The truth is, President Trump is not listening. He is not in a hurry to own up to his mistakes and take concrete and targeted steps to end America's hidden war with Iran – including diplomatic and economic warfare. As far as the military-industrial complex and the national security state can see, Iran is a convenient enemy that helps the U.S. and the top execs of its giant weapons makers to peddle weaponry to the Middle East, and to sally forth and slay in the endlessly war-torn region.

In an all-too-literal fashion, the game of sanctions cannot be over yet; not by a long shot with their staggering arms sales profits, and not even when the UN says it should end because of the pandemic. There are similar other geopolitical dreams and expansive ideas that the Trumpsters can't miss out on. Their knowledge of the pains and sufferings they are causing is what should make their "maximum pressure" an unlawful activity.

It's not that complicated. As with any application of coercive policy, sanctions will not produce grand transformations in Iran. The U.S. has neither the ability nor the right. Over the years, sanctions have almost never managed to change other countries' governments.

In its place, the policy has had enormous strategic, economic, political, and moral consequences for the U.S. It isolated Washington at the UN Security Council which said no to its call to re-instate an international arms embargo on Iran. The European Union, which refused to leave the Iran nuclear deal after Trump, also warned that Washington's unilateral measures could challenge the transatlantic alliance.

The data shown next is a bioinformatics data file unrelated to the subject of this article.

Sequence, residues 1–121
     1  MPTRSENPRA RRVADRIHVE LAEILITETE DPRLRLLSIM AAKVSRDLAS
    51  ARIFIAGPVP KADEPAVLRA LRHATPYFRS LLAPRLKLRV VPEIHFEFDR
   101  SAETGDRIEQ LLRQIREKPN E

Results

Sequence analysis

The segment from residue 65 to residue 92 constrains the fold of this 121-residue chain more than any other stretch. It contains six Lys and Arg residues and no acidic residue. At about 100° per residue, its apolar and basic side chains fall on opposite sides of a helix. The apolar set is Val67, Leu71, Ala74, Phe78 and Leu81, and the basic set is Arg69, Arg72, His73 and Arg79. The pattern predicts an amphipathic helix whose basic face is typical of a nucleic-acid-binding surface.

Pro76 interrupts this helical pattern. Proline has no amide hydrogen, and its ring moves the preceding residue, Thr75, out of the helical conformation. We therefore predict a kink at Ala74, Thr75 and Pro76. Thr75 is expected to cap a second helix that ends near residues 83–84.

It didn't have to be this way. As per the international humanitarian law that the U.S. helped to establish after World War II, Washington ought to be recognizing that transnational assistance and cooperation are key to the COVID-19 response. This duty requires Washington to expeditiously and effectively stop its strong-arm measures, end financial penalties that impede access to medical resources, and allow countries to export medical equipment and supplies to Iran.

Regrettably, despite repeated calls for U.S. solidarity from the United Nations, the World Health Organization and human rights groups, evidence suggests Trump is still committed to use his power and position to prolong the economic warfare and discriminatory practices relating to the Iranian people's health and basic needs.

It's just another day in his addiction to manipulate foreign policy for domestic political gain and to tell his base and the national security circles that the security threat to the U.S. comes not from domestic political dysfunction and white supremacist politics, but from Iran.

In the midst of a global pandemic that no one could have imagined, the obsession for "Donald Trump, peacemaker" and team apparently is to set the stage for more measures ensuring that access to essential goods and services, such as the international banking system, will not be provided to Iran regardless of who wins the U.S. presidential election.

This ill-considered preoccupation will predictably wreak further havoc on the lives of countless Iranians, including health workers, doctors and nurses, violating their right to health, human rights, and other vital interests.